2. Run the Powershell snippet in Powershell ISE

  1. Breakpoint will be hit and we can see the data we passed.

  1. Once you step over to “authkey” line we can see “AuthKey” header value

 

So this is how we call POST REST API end point in Powershell. ☺

Connect Sitecore 9 instance in Sitecore Rocks

We have found our self needing to connect Sitecore Rocks to Sitecore 9 instance.

When we try to connect to Sitecore 9 instance in Sitecore Rocks in the first time we can not connect.

In order to make it work we have to tweak web.config with following entry to system.web xml node.

<location path="sitecore/shell/WebService">
<system.web>
<authorization>
<allow users="?,*" />
</authorization>
</system.web>
</location>

view raw
tweak.xml
hosted with ❤ by GitHub

🙂

 

Reading json file and update json file in powershell

There are some cases we need to update json files using powershell.

This is how I do it.

$filePath = "C:\jeevan\sample.json"
$file = ([System.IO.File]::ReadAllText($filePath) | ConvertFrom-Json)
Write-Host $file.property1
$file.property1 = Get-Random
$file | ConvertTo-Json | Out-File FilePath $filePath Encoding utf8 Force

view raw
readwritejson.ps1
hosted with ❤ by GitHub

1

I used following json file

{
"property1": 123,
"property2": "value2"
}

view raw
sample.json
hosted with ❤ by GitHub

Done 🙂

 

 

Double tap to exit in xamarin Android

So I had to implement double tap to exit from app in Android using xamarin. This how it is implemented

  • Create blank Android App

create project

 

  • Override OnBackPressed method in MainActivity.cs
private bool doubleBackToExitPressedOnce = false;
public override void OnBackPressed()
{
if (doubleBackToExitPressedOnce)
{
base.OnBackPressed();
Java.Lang.JavaSystem.Exit(0);
return;
}
this.doubleBackToExitPressedOnce = true;
Toast.MakeText(this, "Double tap to exit", ToastLength.Short).Show();
new Handler().PostDelayed(() =>
{
doubleBackToExitPressedOnce = false;
}, 2000);
}

view raw
MainActivity.cs
hosted with ❤ by GitHub

  • That’s it 🙂 Run the app and see the out put

double tap to exit

GIF_Maker_VideoToGif_15-3-2018_95808_PM

Thanks. 🙂

 

Toast in android using xamarin forms

 

When we want to let user know that something happening we can use Toast.

Let’s see how to create Toast in in Android in Xamarin Forms

Create xamrin foms application with Android project

project

  • In .net standard project add a Interface
public interface IToastMessageService
{
void ShowToastMessage(string message);
}

  • In Android project add ToastMessageService and implement the IToastMessageService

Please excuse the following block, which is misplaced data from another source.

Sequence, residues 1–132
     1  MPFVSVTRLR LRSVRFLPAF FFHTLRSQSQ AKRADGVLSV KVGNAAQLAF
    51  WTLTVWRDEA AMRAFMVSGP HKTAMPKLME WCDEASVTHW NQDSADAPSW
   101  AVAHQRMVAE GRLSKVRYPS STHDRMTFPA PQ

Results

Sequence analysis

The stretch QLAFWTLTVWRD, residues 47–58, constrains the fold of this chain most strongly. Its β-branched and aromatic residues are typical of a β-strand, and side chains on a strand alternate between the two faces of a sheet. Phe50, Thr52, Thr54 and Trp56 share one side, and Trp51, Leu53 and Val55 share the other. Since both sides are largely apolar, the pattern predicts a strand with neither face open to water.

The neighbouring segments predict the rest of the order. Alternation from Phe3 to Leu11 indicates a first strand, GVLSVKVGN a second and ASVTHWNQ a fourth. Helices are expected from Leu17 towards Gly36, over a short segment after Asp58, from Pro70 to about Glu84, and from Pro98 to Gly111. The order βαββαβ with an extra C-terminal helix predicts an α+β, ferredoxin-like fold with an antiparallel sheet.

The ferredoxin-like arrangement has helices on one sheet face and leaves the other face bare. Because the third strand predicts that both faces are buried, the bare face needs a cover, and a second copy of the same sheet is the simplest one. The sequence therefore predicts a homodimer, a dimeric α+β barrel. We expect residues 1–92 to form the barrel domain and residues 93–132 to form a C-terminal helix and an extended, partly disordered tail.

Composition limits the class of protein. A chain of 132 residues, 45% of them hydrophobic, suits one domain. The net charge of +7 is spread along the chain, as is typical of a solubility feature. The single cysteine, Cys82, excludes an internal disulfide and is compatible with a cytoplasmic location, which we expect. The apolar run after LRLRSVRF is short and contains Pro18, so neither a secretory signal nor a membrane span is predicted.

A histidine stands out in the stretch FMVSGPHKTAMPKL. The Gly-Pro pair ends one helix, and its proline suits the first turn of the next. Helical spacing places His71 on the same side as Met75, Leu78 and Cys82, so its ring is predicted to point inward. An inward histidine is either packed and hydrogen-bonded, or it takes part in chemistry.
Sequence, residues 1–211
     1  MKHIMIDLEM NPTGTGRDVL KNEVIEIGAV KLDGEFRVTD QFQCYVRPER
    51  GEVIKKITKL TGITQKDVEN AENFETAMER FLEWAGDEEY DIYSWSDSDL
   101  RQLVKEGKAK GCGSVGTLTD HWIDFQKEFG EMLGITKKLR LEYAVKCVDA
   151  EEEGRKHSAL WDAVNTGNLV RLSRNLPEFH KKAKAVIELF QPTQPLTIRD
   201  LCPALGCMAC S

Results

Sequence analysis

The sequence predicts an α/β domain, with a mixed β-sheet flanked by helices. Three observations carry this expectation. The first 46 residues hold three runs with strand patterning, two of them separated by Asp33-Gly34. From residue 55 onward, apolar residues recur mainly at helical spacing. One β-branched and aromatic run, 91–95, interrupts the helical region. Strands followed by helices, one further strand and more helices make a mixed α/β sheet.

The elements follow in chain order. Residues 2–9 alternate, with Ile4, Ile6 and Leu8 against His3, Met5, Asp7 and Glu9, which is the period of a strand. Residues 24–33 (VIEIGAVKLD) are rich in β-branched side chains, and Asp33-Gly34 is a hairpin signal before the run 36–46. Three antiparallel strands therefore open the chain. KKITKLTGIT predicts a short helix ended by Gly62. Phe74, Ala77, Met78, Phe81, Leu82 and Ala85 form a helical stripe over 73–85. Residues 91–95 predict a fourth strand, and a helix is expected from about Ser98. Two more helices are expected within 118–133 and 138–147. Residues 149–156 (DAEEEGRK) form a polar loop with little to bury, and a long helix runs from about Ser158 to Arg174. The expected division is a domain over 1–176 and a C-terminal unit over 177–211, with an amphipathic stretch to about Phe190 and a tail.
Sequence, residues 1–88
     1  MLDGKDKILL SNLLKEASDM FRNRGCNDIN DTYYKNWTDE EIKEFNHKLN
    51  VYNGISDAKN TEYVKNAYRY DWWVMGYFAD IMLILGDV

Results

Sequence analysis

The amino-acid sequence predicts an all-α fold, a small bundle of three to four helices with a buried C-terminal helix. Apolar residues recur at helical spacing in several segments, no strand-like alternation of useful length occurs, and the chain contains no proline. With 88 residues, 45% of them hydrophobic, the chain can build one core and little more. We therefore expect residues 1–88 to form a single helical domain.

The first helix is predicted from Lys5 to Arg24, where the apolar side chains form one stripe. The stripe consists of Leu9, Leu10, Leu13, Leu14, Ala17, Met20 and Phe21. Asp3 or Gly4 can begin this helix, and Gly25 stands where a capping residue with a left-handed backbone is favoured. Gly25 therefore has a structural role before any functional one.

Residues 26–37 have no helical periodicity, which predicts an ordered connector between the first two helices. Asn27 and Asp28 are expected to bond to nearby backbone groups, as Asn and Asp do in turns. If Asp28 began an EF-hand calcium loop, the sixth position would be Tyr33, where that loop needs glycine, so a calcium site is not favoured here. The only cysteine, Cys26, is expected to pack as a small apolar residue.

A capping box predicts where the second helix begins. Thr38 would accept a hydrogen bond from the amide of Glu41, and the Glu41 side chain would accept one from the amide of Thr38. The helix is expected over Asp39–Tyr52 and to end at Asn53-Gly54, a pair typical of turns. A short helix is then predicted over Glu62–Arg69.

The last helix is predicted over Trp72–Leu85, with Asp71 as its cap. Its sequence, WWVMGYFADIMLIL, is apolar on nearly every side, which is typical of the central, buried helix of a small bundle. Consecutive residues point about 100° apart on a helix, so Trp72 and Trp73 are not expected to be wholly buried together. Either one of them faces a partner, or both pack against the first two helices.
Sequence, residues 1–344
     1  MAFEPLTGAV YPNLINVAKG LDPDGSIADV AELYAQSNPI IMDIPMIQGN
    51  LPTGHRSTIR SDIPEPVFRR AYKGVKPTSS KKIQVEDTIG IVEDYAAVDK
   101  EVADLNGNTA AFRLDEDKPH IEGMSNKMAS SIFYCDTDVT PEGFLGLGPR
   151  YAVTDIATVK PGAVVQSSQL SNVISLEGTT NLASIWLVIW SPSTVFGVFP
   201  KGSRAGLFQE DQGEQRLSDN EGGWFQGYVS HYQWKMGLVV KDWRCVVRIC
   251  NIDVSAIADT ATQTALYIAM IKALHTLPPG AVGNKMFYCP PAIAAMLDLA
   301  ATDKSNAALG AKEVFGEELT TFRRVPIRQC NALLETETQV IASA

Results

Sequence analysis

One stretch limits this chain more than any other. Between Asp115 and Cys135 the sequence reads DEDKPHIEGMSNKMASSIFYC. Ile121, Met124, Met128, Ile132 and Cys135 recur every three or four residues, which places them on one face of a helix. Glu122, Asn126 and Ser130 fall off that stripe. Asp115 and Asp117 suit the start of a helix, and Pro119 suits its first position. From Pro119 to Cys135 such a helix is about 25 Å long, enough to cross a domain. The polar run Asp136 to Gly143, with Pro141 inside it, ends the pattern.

[assembly: Xamarin.Forms.Dependency(typeof(ToastMessageService))]
namespace ToastTestXamarin.Droid
{
public class ToastMessageService : IToastMessageService
{
public void ShowToastMessage(string message)
{
Toast.MakeText(Android.App.Application.Context, message, ToastLength.Long).Show();
}
}
}

  • In MainPage.xaml add a button
<?xml version="1.0" encoding="utf-8" ?>
<ContentPage xmlns="http://xamarin.com/schemas/2014/forms"
xmlns:x="http://schemas.microsoft.com/winfx/2009/xaml"
xmlns:local="clr-namespace:ToastTestXamarin"
x:Class="ToastTestXamarin.MainPage">
<Button x:Name="BtnToastMessage" Text="Show Toast" Clicked="ShowToast"></Button>
</ContentPage>

view raw
MainPage.xaml
hosted with ❤ by GitHub

  • And in the code behind implement the event handler
private void ShowToast(Object sender, EventArgs args)
{
DependencyService.Get<IToastMessageService>().ShowToastMessage("Test Toast Message");
}

view raw
MainPage.xaml.cs
hosted with ❤ by GitHub

Finally run the project 🙂

 

toast

Get the sample project on Github

Download blob as a file in Angular

Recently I got a requirement to download base64 string as .pfx file in Angular application.

So I did that using Blob API in javascript.

More about Blob

So I did a sample application on stackblitz using Angular.

const data = 'some text';
const blob =new Blob([data],{type:'application/octet-stream'});
this.fileUrl =this.sanitizer.bypassSecurityTrustResourceUrl(window.URL.createObjectURL(blob));

As above we need to create Blob object. As second parameter we need to specify Mime type. And in Angular to make the Blob url safe in DOM we can use DomSanitizer.

We have to import DomSanitizer

import { DomSanitizer } from '@angular/platform-browser';</div>
// constructor
constructor(private sanitizer: DomSanitizer) { }

In html template

<a>DownloadFile</a>

Working sample on stackblitz

🙂